Carnegie Library of Pittsburgh - Carrick

Built into a steep hillside with windows only on the front of the building, the old Carrick branch of the Carnegie Library of Pittsburgh (CLP) felt very much like a basement – dark, damp, and dingy. The CLP bought the site next door to expand the building, and to put the library front and center in the civic space of the community. The new library, designed in collaboration with NK Architects, is built on the existing and new site, and increases the Carrick branch to just under 8,000sf.

To provide natural light – as well as create a quiet, healthy, and ultra-efficient building – the design team suggested that Carrick become first Passive House library in North America, and embraced the idea of "flow" to guide the project.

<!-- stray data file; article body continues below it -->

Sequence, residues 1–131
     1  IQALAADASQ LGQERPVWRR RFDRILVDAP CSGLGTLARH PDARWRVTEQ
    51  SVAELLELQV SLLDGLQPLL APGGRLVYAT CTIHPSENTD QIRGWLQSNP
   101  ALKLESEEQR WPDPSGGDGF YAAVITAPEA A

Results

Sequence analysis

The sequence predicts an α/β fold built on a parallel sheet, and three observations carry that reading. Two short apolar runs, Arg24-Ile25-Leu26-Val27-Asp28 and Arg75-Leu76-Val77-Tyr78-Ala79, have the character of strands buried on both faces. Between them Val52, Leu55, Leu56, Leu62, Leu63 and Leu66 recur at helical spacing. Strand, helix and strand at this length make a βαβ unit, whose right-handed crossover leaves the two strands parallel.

FLOW is a central idea to the new library: the flow of information is the library’s mission, the flow of people through the space is handled by the ramp design connecting all levels of the library, the flow of storm water at the site is managed by a large rain garden and bio-swale surrounding the building, light flows into the building through large triple-pane windows, and the flow of filtered fresh air is central to the heat recovery ventilation system.

Today the Carrick branch is much more than a repository for books and a quiet place for study. It is a community center, an internet and tech hub, a space for after-school programs, and a place to access information in all its forms. The end result of the new Carrick branch is a beautiful, comfortable, efficient, and highly-usable space for the FLOW of ideas, activities, energy, water, people, space, and generations.

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Front elevation at night